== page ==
Why Do You Do It? - The Divided Mind
I'd been dry for five years. It had taken intensive psychotherapy and three years to overcome excruciating panic attacks. I'd gone through a lot of suffering. But then I’d started all over again and repeated the entire cycle. Here I was, sat back in front of my GP hoping for another referral to an alcohol treatment clinic. He said to me, “You seem like an intelligent person, why did you do it?”
I was amazed. It may have been a legitimate question to ask, but since when did intelligence come into it? Are there no intelligent alcoholics? It seemed like a fairly dumb question to me. After all, if I genuinely had the answer – and he clearly didn’t - then I probably would not have been sat there. So I said what any alcoholic would say, “Because I fancied a drink”.
It's for others to examine us and find the deeper reasons behind our addictive behaviour. The addiction literature is full of competing theories and explanations. Let's go through the checklist of some of them.
Was there trauma in my past? Yes, my elder brother died when I was only 15-years old. It had a devastating impact on my family. On the night of his death, I walked the streets alone drinking whisky for solace. I’ve often been asked whether this event triggered my alcoholism. But the truth is that I’d started the pattern of drinking to get drunk long before.
Did I drink because of peer pressure? I started drinking seriously in my early teens but that wasn’t unusual. Later, I did encounter more peer pressure from the drinking culture in the City. But it’s worth pointing out from the standpoint of sobriety – and to encourage those in recovery – that refusing subsequently to attend client drinking parties never did my career any harm.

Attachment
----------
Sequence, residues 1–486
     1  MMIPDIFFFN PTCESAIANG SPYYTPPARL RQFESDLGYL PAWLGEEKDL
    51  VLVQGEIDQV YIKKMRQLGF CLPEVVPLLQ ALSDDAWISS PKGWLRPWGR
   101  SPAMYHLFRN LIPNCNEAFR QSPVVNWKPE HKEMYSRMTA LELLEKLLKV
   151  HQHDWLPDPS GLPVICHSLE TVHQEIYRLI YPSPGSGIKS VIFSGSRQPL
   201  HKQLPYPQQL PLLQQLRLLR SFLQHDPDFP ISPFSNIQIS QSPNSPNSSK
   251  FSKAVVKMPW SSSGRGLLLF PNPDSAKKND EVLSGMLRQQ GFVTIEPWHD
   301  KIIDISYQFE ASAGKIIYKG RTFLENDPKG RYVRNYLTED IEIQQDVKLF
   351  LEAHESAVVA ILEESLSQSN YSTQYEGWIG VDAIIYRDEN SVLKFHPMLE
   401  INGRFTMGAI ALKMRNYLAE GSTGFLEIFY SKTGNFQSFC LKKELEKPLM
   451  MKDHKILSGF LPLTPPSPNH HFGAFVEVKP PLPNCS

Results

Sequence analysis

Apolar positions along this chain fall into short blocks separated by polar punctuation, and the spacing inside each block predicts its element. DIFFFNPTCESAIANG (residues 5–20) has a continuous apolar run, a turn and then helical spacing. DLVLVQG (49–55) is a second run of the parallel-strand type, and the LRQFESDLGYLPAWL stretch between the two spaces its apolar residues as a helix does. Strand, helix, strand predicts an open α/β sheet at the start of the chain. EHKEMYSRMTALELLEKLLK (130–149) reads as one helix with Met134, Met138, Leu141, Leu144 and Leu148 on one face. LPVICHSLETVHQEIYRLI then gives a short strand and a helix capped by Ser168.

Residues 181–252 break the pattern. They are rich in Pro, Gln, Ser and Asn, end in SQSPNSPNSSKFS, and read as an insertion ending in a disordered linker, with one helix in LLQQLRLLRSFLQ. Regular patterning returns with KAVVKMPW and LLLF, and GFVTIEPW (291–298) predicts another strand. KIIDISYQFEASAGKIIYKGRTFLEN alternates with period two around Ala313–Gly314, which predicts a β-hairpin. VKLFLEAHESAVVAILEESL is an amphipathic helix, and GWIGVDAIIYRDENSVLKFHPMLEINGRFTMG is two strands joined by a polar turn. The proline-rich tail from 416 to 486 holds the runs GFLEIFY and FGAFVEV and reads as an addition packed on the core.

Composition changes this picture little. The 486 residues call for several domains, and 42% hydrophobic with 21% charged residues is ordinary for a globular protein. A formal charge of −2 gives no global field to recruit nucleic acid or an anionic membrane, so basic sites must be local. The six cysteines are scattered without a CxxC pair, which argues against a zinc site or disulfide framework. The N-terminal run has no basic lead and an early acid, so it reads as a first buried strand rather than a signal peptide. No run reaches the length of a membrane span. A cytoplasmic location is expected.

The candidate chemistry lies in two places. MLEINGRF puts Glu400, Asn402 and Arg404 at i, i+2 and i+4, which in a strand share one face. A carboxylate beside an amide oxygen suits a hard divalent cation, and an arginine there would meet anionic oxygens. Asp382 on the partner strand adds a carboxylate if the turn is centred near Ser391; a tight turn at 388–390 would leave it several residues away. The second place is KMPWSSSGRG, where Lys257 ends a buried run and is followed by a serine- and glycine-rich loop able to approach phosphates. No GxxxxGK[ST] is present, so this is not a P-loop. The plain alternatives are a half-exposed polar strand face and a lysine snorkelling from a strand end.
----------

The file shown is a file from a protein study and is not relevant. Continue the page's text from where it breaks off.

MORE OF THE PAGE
What about drinking to cope with stress? Well, my work was tiring and stressful in a high-pressure environment. It took me all over the world. But I wouldn’t say that I got drunk as a mechanism to cope. It wasn’t really social either. The serious drinking was done on my own either at home or when away on business travel. At any rate, it seems to me that stress means different things to different people at different times.
The simple truth is that I started drinking to get drunk when young and enjoyed it. But I got stuck in a pattern, ran into troubles of blackouts and panic attacks, and found that I couldn't turn back. With Augustine, I was "stuck fast in the glue of this pleasure", (Confessions 6.22).
Augustine famously said of his own addiction, “For my will was perverse and lust had grown from it, and when I gave in to lust habit was born, and when I did not resist the habit it became a necessity”, (Confessions 8.10). In other words, what starts as an enjoyable habit becomes a form of compulsion. Unfortunately, you only truly realise it when it’s become too late.